The uproar and excitement were intense, the majority not knowing certainly why they were there, but being in full sympathy with the cry, “Great is Diana of the Ephesians!” they surmised that some insult or opposition to their religion had occurred. It was for this reason that when Alexander, motioning to them for silence, endeavored to make a defense, the people, though they recognized him merely as a Jew, and not as a Christian, clamored so as to make it impossible for him to speak, realizing that all Jews were opposed to their goddess and her worship. The senselessness of their proceeding is clearly manifest in the fact that they kept up a meaningless shout for two hours! It is worthy of note here, that in proportion as people approach the proper conceptions of the divine character and plan and receive of the spirit of the Lord, in that same proportion they have greater soundness of mind. Consequently, we see that amongst Christians some who have made little growth in grace and knowledge are content to spend hours in shouting or talking about that which has comparatively little meaning; but in proportion as any grow in grace and knowledge they become partakers of the spirit of a sound mind, and correspondingly unwilling to waste either consecrated time or energy senselessly, unreasoningly. In other words, rejecting the wisdom of this world, and accepting the wisdom from above, they are as a result the more reasonable.

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By this time the town clerk (or recorder or mayor, as we might term him) arrived, and quieted the people, and made them an address consisting of four arguments. First, he appealed to their patriotic sentiments; that they were citizens of a great city, and that people far and near recognized Ephesus as temple-keeper for Diana, and suggested that since this was so well established as a fact they ought to do nothing rashly, for there could be no necessity for haste. Whatever might happen to Diana and Ephesus there certainly was no immediate danger. That temple of Diana was indeed a wonderful structure. Respecting it history says: “The crowning glory of Ephesus was the great temple of Artemis, or Diana, one of the seven wonders of the world. It glittered in brilliant beauty at the head of the harbor, and it was said that the sun saw nothing in his course more magnificent than Diana’s temple. Made of the purest marble, it was 425 feet long, 220 broad. Its columns of Parian marble were 60 feet high, and 36 of them were magnificently carved. The hall was adorned with the most wonderful statuary and paintings.”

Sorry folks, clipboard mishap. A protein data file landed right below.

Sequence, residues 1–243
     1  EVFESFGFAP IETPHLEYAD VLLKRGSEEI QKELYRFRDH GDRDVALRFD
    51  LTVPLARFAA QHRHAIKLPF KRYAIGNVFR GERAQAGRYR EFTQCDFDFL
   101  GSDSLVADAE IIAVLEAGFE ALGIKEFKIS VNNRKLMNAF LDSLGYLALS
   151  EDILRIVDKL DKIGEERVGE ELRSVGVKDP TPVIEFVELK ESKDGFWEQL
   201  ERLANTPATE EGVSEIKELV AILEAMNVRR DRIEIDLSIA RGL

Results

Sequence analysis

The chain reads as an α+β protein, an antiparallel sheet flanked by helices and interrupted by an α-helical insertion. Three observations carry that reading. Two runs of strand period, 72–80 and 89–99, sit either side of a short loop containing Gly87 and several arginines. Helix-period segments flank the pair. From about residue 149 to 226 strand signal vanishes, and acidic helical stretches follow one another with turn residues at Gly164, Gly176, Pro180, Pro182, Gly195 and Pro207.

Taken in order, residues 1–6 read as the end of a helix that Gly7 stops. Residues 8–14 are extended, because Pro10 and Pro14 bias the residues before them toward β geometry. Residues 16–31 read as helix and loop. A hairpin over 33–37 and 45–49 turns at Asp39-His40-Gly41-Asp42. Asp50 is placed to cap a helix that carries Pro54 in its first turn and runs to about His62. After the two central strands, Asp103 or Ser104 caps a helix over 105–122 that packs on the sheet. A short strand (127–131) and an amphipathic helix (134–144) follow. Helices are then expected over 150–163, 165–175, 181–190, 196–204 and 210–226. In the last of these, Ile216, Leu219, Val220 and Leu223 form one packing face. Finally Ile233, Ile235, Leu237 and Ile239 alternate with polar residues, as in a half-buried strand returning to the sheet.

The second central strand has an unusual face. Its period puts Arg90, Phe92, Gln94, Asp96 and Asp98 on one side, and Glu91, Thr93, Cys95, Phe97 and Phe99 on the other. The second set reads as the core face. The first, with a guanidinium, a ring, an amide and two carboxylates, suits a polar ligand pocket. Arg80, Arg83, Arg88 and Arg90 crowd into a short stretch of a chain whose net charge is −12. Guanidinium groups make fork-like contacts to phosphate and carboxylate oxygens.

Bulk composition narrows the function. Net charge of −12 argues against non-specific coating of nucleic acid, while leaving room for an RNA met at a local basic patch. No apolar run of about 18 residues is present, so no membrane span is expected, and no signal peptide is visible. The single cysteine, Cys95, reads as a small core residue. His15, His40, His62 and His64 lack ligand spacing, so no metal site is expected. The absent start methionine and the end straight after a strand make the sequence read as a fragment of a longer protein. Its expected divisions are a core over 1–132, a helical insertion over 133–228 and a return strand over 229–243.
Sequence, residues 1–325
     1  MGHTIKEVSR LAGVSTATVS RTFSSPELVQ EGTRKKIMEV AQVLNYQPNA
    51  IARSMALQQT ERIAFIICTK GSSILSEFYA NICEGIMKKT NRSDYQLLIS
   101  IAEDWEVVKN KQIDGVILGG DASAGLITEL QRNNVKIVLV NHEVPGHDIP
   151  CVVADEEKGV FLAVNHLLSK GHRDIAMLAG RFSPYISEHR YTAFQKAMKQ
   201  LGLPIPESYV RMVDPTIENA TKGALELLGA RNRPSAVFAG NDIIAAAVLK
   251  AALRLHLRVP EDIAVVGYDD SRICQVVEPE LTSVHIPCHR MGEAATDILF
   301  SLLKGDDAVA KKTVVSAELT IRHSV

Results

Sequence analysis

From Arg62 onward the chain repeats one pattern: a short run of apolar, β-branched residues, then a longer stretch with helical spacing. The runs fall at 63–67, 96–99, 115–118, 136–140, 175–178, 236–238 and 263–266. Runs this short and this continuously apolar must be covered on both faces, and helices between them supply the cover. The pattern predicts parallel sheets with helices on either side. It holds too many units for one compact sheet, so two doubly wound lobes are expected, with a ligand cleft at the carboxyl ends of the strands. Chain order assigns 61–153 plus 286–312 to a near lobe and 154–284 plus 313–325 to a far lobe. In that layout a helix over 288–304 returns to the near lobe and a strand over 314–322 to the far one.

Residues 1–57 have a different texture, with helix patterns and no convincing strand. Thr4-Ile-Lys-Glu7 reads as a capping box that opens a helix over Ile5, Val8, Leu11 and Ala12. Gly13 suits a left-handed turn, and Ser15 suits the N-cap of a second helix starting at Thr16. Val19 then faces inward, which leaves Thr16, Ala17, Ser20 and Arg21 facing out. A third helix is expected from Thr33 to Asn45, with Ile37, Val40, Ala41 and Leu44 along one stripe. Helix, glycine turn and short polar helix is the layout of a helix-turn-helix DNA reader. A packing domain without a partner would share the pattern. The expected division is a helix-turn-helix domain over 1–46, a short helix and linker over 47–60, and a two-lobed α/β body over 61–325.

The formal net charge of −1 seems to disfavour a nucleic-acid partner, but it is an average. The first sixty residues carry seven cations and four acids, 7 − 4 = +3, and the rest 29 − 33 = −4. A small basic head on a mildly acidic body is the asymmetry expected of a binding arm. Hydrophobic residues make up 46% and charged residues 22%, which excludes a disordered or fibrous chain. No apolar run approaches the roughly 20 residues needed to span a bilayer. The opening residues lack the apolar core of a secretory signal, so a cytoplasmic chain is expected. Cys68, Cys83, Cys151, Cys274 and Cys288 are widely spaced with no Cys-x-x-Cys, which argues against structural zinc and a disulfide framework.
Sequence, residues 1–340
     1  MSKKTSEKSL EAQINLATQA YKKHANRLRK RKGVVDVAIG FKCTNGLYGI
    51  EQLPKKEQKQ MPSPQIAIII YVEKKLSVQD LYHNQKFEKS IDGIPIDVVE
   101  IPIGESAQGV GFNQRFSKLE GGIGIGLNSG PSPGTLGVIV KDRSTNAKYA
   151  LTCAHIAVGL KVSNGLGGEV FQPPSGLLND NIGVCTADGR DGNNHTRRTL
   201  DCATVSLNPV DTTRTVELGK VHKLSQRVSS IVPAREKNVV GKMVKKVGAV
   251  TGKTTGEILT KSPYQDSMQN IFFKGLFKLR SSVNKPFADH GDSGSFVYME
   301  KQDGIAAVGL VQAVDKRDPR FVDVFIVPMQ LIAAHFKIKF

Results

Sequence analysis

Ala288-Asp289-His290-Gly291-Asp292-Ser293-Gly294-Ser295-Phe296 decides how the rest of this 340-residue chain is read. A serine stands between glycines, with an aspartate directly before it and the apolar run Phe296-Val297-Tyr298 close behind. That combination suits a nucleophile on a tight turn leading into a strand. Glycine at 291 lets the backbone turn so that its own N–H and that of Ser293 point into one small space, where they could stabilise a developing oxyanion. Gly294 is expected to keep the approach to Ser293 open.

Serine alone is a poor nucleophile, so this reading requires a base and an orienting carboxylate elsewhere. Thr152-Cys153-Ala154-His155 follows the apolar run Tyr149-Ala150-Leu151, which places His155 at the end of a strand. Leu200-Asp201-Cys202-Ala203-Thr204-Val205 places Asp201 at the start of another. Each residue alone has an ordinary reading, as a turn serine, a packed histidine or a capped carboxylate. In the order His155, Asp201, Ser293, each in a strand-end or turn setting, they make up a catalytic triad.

The town clerk’s second argument was that the men whom they had brought with them by violence, and against whom they seemed incensed, were not bad men—they had not been trying to rob Diana’s temple, nor had they blasphemed the goddess herself. Very evidently the prominent men of the city, without accepting the gospel preached by the Apostle, had received favorable impressions of it, and realized that their teachings did not develop bad citizens, but that they were, on the contrary, amongst the most honorable, peaceable, law-abiding, of the city. His words give us another thought; viz., that the Apostle, in his preaching, did not specially attack the errors of heathendom—idolatry, etc., but that merely denying all other gods, he preached the one true God and his message of mercy, the gospel—the better “way.” There is a lesson in this for the Lord’s people to this day—”Go thou, and preach the gospel.” Let others, if they will, smash the images and attack the various vices in and out of the nominal church systems. In preaching the gospel we shall have quite a sufficiency to do, so long as this present age continues.

The town clerk’s third argument was that this was a quarrel of Demetrius and his fellow-craftsmen, and not a quarrel of the public in general; and that if any injustice had been perpetrated there was a proper channel of redress—the courts of law, attorneys, etc.

The fourth argument was that if this were not a dispute merely between Demetrius and his class and the propagators of Christianity—if the assembly had any other matter on which to charge them, they should bring them at the proper time, and in the lawful manner, when regular assemblages were had for the trying of cases. (Dr. Hovy remarks, “An inscription found in this very theater in which the words were uttered, illustrated their technical sense of the word ‘lawful’. It provides that a certain silver image of Athene shall be brought and set at every (regular) assemblage, above the bench.”) The town clerk pursued this last argument, pointing out that the meeting was nothing short of a riot, and that if it were reported to the Roman authorities and an inquiry made of him, it would reflect to the discredit of the city that such a turmoil had occurred without reason. His intimation was that there might be danger of the city losing a privilege which it had long enjoyed—of being a “free city.” His speech shows clearly that even amongst the unbelievers of that time there were men of reasonably sound judgment.

Alas, that there are even today so many of the same disposition as Demetrius and his fellow craftsmen!

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The principal opponents of present truth are professed ministers of the gospel; and so far as we are able to discern, their opposition is inspired by the same selfish spirit which incited Demetrius and his associates—their craft is in danger—their salaries are endangered—respect for them and their teachings on the part of the people is endangered. It will not at all surprise us if ultimately their opposition to the truth shall lead to something analogous to this riot at Ephesus. Then we shall expect that they, like Demetrius, will not set forth the real secret of their opposition, but base it on the broader grounds of hostility of the truth to the great system of errors, misnamed “Orthodoxy,” chiefly built by Antichrist, and known in the Scriptures as “Babylon.”


— March 1, 1903 —